How evidence and research can bring climate justice for rural women 

The CGIAR’s Gender Platform strengthens innovation through methods and tools to improve the quality of global gender research and interventions. These tools help monitor and promote transformation of gender norms, ensure greater gender equity in the context of food systems transformation and achieve gains in women’s empowerment and nutrition. As an example, the CGIAR presented their new hotspot mapping project, which reveals where climate change hits women the hardest.  

Nicoline de Haan, Director of the CGIAR’s Gender Platform, built a connection between research and gender data, as this can play a key role in understanding the gender-differentiated impacts and contributions to climate change. She gave three reasons why research and data are important for gender equality: 

  1. Gender equality is often a sensitive and emotive topic for discussions. While there is evidence of the role of women as agents of change to tackle the climate crisis, we need to use it in a strategic way to reach out different publics. 
  1. Data helps to make the invisible visible, the care economy is unnoticeable to most people, so we need evidence to let them know the reality of women;  
  1. Gender equality, climate change and agriculture transformation are three complex topics, and they are still not well interconnected.  

Although research is a lengthy process, the Director of the CGIAR’s Gender Platform insisted that it is necessary to develop impactful projects and initiatives, especially when led by women and local communities.  

Raising awareness to advance on the Gender Action Plan: lessons learned from Nigeria 

Women Environment Programme, WEP Nigeria, as leading feminist African NGO and active member of the Women and Gender Constituency, conducted an ambitious programme with the Nigerian Ministry of Environment to transpose the UNFCCC Gender Action Plan at national level and adopt in 2020 the “National Action Plan on Gender and Climate Change for Nigeria”. This legal document serves as a guide for states and local governments in mainstreaming gender equality to address climate impacts in Nigeria.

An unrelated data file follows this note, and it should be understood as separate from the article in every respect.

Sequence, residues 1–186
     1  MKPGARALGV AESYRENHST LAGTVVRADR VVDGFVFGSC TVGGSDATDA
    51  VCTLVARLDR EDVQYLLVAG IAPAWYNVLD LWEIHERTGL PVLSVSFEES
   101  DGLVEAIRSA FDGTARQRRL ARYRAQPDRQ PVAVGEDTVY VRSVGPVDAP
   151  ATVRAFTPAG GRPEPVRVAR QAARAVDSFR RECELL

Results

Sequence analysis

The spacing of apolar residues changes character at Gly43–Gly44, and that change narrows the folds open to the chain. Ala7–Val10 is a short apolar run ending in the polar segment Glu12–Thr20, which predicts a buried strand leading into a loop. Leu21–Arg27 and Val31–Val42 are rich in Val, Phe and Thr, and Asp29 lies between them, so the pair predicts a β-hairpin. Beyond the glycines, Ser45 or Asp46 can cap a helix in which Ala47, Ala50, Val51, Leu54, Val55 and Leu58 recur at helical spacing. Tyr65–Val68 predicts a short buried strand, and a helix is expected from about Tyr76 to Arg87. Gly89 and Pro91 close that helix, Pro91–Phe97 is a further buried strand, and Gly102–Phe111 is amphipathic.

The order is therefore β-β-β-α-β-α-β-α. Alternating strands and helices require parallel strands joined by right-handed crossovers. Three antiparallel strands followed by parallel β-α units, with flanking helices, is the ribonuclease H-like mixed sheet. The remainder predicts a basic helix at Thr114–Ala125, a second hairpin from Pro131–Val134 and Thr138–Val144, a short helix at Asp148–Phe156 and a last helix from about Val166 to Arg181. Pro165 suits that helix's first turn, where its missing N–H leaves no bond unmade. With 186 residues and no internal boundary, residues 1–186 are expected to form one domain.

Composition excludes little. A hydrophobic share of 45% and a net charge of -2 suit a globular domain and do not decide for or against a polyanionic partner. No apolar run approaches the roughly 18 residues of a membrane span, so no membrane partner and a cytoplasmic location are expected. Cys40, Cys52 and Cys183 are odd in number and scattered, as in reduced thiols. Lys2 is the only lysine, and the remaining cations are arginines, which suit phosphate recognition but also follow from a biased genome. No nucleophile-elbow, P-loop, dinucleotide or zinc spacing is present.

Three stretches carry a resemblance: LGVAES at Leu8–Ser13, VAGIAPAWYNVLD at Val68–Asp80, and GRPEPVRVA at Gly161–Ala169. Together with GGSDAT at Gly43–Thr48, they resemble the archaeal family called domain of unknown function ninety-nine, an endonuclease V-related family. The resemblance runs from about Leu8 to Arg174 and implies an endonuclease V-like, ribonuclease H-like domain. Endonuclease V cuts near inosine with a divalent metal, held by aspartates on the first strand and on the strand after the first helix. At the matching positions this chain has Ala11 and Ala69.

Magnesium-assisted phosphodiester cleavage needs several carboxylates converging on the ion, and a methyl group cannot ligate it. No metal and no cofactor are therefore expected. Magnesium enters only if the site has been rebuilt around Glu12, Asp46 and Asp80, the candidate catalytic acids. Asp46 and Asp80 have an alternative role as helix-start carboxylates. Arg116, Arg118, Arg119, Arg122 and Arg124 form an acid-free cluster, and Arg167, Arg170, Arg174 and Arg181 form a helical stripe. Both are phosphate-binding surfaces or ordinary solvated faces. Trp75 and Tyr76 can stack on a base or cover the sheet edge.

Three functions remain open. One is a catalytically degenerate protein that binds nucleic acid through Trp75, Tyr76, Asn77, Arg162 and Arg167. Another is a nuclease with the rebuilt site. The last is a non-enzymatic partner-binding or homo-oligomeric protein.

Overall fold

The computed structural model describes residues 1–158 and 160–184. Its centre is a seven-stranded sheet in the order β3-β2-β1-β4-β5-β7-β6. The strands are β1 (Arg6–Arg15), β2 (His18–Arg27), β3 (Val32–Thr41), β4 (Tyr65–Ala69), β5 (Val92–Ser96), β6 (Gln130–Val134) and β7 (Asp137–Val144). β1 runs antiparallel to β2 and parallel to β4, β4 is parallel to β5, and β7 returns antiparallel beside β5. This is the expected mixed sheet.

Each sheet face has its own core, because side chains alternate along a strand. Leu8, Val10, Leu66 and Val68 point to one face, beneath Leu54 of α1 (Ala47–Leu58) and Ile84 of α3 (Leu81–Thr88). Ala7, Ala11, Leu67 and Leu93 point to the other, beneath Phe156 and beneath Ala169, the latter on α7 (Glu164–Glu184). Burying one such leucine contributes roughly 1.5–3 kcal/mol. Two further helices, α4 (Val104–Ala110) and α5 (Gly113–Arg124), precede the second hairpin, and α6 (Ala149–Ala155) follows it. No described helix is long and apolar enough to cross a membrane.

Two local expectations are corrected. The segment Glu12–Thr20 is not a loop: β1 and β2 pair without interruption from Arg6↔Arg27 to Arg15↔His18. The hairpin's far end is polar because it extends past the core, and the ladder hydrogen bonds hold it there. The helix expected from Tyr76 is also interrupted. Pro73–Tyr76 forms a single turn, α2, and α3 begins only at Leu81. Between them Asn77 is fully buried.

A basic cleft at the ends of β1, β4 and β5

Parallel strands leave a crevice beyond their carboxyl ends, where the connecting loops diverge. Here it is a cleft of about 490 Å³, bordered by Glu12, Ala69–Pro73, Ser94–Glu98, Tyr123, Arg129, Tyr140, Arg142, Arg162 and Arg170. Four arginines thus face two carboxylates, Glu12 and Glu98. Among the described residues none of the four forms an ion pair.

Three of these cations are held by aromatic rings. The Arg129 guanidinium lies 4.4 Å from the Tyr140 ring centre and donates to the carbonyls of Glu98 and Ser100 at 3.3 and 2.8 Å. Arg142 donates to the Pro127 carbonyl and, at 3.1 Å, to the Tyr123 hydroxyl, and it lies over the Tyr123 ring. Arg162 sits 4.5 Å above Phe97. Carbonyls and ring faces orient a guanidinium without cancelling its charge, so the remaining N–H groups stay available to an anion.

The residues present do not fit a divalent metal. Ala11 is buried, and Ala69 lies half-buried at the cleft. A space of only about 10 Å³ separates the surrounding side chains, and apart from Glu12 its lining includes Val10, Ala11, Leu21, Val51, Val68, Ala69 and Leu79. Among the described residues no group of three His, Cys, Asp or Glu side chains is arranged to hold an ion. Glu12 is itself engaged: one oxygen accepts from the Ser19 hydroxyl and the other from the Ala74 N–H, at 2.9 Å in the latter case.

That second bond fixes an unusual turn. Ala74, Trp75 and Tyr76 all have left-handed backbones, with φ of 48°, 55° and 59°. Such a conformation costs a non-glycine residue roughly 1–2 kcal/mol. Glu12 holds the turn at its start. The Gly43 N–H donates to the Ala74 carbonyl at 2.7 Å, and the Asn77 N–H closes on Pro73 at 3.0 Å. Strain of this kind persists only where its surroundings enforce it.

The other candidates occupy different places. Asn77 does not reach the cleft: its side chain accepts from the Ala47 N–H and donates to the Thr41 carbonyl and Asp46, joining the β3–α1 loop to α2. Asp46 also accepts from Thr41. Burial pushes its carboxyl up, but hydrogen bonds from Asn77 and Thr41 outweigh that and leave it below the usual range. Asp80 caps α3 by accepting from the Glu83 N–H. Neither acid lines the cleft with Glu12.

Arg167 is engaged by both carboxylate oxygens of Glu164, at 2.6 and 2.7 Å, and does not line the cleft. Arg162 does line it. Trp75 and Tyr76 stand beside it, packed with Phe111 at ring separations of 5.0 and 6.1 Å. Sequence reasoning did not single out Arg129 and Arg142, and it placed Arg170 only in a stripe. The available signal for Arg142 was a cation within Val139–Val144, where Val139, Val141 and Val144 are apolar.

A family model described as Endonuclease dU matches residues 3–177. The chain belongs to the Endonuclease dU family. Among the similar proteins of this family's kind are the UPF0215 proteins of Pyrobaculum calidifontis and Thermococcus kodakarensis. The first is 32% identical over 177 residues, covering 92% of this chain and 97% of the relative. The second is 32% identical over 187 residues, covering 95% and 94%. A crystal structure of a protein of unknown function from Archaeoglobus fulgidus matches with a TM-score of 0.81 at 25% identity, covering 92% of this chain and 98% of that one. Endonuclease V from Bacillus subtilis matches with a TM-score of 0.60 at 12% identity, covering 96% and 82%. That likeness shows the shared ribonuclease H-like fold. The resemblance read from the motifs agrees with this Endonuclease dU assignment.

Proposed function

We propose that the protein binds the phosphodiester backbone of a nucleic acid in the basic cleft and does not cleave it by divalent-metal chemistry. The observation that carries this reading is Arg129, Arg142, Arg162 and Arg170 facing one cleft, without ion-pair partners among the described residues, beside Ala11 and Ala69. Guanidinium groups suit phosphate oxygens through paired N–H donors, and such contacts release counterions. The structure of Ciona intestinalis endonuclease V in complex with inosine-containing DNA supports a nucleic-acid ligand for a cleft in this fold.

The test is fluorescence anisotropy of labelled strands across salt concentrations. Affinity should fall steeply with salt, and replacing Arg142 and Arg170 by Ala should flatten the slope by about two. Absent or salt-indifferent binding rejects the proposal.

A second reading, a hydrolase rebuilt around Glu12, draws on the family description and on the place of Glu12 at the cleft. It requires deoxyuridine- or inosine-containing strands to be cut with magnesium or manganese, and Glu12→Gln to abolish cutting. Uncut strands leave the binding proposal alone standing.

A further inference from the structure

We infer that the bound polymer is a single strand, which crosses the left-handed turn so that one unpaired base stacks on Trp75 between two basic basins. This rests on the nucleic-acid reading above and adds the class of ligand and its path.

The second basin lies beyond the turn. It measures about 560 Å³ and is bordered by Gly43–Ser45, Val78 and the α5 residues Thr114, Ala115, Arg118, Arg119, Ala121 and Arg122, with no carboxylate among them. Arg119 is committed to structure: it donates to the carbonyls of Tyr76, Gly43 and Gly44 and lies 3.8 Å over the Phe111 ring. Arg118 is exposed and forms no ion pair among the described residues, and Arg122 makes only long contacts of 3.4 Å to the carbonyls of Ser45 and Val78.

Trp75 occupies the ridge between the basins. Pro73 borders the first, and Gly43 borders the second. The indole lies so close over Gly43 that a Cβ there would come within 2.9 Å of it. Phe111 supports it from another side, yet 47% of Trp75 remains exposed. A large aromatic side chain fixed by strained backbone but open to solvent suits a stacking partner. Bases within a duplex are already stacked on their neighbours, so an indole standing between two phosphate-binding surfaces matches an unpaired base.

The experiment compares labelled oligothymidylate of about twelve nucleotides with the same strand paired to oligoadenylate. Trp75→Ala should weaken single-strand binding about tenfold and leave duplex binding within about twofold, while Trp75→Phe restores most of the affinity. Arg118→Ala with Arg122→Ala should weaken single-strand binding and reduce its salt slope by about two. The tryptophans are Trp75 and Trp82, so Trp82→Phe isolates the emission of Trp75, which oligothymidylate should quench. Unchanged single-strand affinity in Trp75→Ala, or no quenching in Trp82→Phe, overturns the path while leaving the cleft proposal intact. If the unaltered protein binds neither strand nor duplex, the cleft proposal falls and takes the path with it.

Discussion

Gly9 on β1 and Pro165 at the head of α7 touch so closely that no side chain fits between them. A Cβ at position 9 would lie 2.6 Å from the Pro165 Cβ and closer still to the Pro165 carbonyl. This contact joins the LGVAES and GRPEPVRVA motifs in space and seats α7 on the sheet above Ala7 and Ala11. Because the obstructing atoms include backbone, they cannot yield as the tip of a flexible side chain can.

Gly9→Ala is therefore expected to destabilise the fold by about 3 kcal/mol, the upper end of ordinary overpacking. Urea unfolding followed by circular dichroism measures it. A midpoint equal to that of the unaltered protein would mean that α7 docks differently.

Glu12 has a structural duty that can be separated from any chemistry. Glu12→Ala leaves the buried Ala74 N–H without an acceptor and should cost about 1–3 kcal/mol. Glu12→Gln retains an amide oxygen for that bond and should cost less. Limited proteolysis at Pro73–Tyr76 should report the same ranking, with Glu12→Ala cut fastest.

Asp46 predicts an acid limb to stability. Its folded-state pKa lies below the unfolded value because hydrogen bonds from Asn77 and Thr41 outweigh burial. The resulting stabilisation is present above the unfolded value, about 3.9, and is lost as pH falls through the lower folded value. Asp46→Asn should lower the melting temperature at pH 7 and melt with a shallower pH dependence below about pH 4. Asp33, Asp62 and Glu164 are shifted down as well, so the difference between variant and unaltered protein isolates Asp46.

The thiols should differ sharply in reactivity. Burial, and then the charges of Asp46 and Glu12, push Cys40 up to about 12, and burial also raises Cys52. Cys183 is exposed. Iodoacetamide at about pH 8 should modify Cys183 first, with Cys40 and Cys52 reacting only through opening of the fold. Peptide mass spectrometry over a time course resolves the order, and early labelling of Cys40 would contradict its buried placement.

Priscilla Achakpa,  Founder and Executive Director of WEP has personally led the consultations. She shared how feminist civil society organizations were involved at all levels and which sectors of the National Climate Policy were impacted. The lessons learned from this advocacy process demonstrated that civil society and feminist collectives are willing to organize and work together with the government. Nigeria was the first African country to implement the UNFCCC GAP at the national level and that was internationally recognized. For Priscilla, the greatest success was the articulation between national and local policies.  

The cases presented at this event highlighted the need for and importance of women’s participation in the creation and implementation of mitigation solutions. The local experiences highlighted the message that the high stakes against climate change must take into account the knowledge and community practices and that they must be developed from a gender approach, with data and empirical evidence, which helps to mobilize civil society but also to increase the political will of decision makers.